Whether deliberately or accidentally, if an employer fails to increase pay to comply with the new national minimum and living wages in force from April, they risk a significant penalty and being “named and shamed”.
Recent high profile employers facing damage to their reputations for “inadvertently” underpaying include Wagamama and Birmingham City Football Club. Although there will be some employers who just fail to increase pay rates to comply with the new higher rate of £7.83 in force from April for workers aged 25 and over, other employers will be caught out by less obvious breaches.
What do you need to pay staff for?
The first hurdle is to correctly identify what time is spent working. This could include security checks, travel between assignments, time spent receiving training, getting changed into a uniform on site, or even time spent waiting to clock-in. Recent legal challenges have also involved the correct way to pay staff who “sleep-in” as part of their duties. Many employers do not realise that this additional time is also covered and calculate pay rates based on core duties only.
What elements of pay count towards NLW?
Employers may also not realise that only certain elements of pay can be used to calculate NLW. Basic pay and performance related bonuses do count but allowances not linked to performance such as on-call allowances and shift premiums do not. Other payments such as tips and gratuities, subsistence or other expense payments, or benefits including pension contributions cannot be taken into account.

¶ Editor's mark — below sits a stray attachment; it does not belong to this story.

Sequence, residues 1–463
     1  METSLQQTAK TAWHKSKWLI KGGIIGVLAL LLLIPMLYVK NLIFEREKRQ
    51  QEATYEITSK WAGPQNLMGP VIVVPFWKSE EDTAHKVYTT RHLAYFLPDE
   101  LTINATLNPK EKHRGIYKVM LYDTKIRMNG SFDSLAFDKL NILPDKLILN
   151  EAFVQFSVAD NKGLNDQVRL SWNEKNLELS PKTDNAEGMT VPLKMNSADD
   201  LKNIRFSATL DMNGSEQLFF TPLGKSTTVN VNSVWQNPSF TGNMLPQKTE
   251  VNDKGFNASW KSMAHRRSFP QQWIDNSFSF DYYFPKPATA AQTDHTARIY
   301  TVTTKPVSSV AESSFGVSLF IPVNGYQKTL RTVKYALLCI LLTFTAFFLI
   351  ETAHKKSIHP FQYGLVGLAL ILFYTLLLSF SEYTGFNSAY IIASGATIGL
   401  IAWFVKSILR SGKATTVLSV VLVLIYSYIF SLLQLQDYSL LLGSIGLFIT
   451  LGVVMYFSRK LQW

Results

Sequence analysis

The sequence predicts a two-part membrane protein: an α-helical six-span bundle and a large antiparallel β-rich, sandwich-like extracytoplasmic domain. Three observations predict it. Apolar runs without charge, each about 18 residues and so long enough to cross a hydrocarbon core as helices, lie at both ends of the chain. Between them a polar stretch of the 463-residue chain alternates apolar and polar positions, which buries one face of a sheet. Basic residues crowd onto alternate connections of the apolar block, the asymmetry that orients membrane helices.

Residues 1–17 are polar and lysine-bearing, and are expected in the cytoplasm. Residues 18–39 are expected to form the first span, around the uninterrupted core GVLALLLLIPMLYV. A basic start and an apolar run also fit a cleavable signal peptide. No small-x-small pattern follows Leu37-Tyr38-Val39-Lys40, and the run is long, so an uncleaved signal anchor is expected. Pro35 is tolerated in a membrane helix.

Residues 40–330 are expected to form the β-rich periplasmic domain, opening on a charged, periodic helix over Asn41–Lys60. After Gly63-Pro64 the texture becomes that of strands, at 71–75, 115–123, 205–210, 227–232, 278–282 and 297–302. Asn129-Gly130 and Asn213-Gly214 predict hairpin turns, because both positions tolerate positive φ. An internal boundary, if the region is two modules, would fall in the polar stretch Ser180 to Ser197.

What can be deducted from pay?
Employers can also fall foul of restrictions which prevent some deductions for agreed sums being made direct from pay even where requesting a cash payment would be fine. So, whilst an employer is entitled to make deductions direct from salary to recover accidental overpayments or for agreed pension contributions, expenses incurred for tools or uniform, or for costs incurred by an employer in providing a service to an employee, must not reduce pay to below minimum wage levels. This includes the offer of discounted purchase schemes such as staff shops or clothing discounts. When in doubt it is safer to arrange another method of payment rather than making a deduction direct from salary and risk breaching the minimum wage requirements.
On 9 March 2018 180 employers were named and shamed for underpaying more than 9,000 minimum wage workers by £1.1 million, which serves as a sharp reminder to employers to get their house in order – no-one wants to be named and shamed on the next list.
Kathy Halliday is an employment partner at VWV, a national law firm with a growing office and presence in Birmingham. Kathy can be contacted on 0121 227 3711 or at email@example.com.